This post will walk through a 30-day trial of reducing your undirected internet use to just 30 minutes a day.
When I was a kid, my parents allowed me to watch TV for only 30 minutes a day. Back then, I saw this as maltreatment. Now, I'm grateful for their foresight.
Today, of course, the real threat to our productive time isn't TV--it's the internet.
To be clear: I'm not talking about internet time spent on research, emailing query letters and so on. That's real work. I'm talking about toxic time-wasters: undirected, purposeless web browsing, pointless Facebook debates, even reading the daily news and getting depressed about some awful event you have no control over in some place you'll never go.
Our goal is to cordon off and dramatically reduce the productive time we waste each day with undirected or unproductive internet use, and redirect that time towards our work. So, get out your calendar, pick a day to start (how about today?), and for the next 30 days, do the following:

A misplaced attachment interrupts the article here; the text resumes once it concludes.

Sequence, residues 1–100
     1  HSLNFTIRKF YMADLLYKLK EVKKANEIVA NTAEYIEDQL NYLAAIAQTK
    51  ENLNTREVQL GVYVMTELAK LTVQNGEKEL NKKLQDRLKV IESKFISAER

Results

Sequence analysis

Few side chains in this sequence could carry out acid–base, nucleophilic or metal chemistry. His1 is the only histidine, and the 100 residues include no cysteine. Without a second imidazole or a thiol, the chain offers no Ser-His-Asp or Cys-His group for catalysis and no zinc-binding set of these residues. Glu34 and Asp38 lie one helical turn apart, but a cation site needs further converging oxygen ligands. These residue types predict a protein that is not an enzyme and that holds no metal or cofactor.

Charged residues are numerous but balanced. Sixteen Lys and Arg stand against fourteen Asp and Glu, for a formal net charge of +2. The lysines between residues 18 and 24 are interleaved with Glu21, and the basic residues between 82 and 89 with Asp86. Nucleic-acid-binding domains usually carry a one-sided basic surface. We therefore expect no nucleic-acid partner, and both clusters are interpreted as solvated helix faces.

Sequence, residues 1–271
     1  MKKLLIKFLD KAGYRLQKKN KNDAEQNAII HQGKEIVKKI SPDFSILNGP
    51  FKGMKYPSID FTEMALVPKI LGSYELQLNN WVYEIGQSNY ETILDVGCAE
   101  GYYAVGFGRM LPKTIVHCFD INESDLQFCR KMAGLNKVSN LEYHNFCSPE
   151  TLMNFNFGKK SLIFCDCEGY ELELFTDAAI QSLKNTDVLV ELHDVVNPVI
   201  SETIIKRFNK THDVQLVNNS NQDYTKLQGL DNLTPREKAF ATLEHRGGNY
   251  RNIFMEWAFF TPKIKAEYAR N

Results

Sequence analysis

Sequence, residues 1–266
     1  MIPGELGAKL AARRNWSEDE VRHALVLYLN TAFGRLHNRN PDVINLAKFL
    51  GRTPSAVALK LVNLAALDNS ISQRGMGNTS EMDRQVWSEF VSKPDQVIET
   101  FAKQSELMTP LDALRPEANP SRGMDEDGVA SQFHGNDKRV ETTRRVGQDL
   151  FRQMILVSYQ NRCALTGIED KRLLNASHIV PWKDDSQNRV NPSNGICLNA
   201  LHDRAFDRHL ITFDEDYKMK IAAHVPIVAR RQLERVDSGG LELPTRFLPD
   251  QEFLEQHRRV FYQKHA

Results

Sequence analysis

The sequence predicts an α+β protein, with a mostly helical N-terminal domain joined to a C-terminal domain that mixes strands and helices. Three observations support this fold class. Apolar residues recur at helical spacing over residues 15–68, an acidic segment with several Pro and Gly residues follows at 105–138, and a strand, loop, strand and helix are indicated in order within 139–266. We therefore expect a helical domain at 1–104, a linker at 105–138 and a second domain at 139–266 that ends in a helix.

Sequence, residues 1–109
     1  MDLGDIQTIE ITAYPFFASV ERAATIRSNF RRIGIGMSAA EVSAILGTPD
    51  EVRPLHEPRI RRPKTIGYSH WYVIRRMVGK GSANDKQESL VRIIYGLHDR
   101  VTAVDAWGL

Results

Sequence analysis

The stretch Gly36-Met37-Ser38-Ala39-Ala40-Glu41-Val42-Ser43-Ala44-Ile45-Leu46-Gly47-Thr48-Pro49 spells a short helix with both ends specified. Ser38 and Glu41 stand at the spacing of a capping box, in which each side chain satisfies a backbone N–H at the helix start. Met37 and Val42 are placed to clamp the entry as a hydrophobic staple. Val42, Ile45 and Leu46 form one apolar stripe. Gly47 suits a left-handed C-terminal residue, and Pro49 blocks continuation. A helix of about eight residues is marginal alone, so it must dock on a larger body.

1) Start each day with a session of writing and creative work. Don't begin your day with undirected websurfing or social media.
2) Identify a specific time you intend to allocate to undirected internet use, set a 30 minute timer, and when the timer goes off, that's it. That's your mental candy for the day. No more email, Facebook, Twitter, news, Pinterest, games, nothing. Stop and go back to work.
This trial might seem incomprehensible to you at first, but after a few days, you'll get more and more used to the idea of cordoning off your websurfing time. Of course, the most important part of this trial is start each day with creative work, not with internet use. That first decision you make each day--to dedicate each day's first moments to your work, not someone else's--is the first big leap in this trial. Attend to your own stuff first.